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Shareholder group demands board shake-up at McDonald’s

February 13, 2015, 11:12 PM UTC
Macdonald's Restaurant In London
Cartons of McDonald's french fries sit at a restaurant in London, U.K., on Monday, Feb. 1, 2010. McDonald's Corp., the world's largest restaurant company, plans to increase its number of Russian outlets by 20 percent this year to capitalize on its fastest growing market in Europe. Photographer: Jason Alden/Bloomberg via Getty Images
Photograph by Jason Alden — Bloomberg via Getty Images

A group that advises union pension funds has called on McDonald’s to shake-up its board, saying an upcoming CEO change will not be enough to lift it out its doldrums.

CtW Investment’s letter to the restaurant chain’s board Friday comes two weeks after the company announced Don Thompson would step down as CEO and be replaced in March by Steve Easterbrook, its chief brand officer who has been responsible for fixing the fast-food operator’s marketing and menu.

After years of growth, McDonald’s has hit a rough patch: 2014 was the first year with a decline in same-store sales in more than a decade. Last quarter was also the fifth straight quarter of declining same-store sales in the United States, where it has lost many customers because of an overly complicated menu, changing tastes, and defections to fast casual chains like Chipotle Mexican Grill CMG .

The funds CtW advises own 2 million McDonald’s shares, or $190 million at Friday’s closing price and 0.2% of the company, and invest over $250 billion in the global capital markets.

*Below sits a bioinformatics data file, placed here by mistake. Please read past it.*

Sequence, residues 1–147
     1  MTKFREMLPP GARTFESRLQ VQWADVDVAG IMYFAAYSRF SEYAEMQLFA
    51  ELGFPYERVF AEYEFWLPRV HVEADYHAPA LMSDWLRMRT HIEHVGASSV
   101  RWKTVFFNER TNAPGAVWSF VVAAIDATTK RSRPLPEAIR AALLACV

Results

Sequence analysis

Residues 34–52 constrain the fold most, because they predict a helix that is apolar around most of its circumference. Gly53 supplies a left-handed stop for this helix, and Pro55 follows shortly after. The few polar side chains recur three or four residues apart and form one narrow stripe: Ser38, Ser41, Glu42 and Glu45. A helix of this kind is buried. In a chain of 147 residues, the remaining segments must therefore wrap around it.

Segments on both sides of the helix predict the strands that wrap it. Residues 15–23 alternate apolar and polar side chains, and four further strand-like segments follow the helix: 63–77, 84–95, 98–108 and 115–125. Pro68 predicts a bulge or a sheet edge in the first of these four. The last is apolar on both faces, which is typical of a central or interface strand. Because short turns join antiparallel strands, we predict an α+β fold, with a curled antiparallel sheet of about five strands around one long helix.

“At this juncture, we believe it is critical for McDonald’s to have strong, independent board leadership,” CtW Executive Director Dieter Waizenegger wrote in the letter. “Fresh eyes are essential to drive the overhaul of the board’s composition, form a productive partnership with CEO Easterbrook in tackling the company’s strategic challenges, and restore the trust of long-term shareholders.”

CtW is calling on McDonald’s (MCD) to come up with and publicly disclose plans to change the board’s leadership, and set up a board succession plan. The group faulted the board for having members who’ve been directors for too long- the average tenure has been 13 years– and for being to insular and tied to Chicago-area networks.

CtW made headlines last year with its opposition to the now concluded merger between Walgreen and Alliance Boots.

CtW said McDonald’s has been “complacent in not refreshing its membership earlier” given how much restaurant-going habits have changed, and pointed to how Coca-Cola (KO), Starbucks Coffee (SBUX) and PepsiCo (PEP) have been better at refreshing their board composition in the last few years.

“We respect and take seriously the views of all of our shareholders. The Board of Directors recently added a highly qualified new Director, appointed a new Chair of the Governance Committee and has made several senior management changes. Our Board is experienced, independent and committed to maximizing shareholder value,” McDonald’s said in a statement.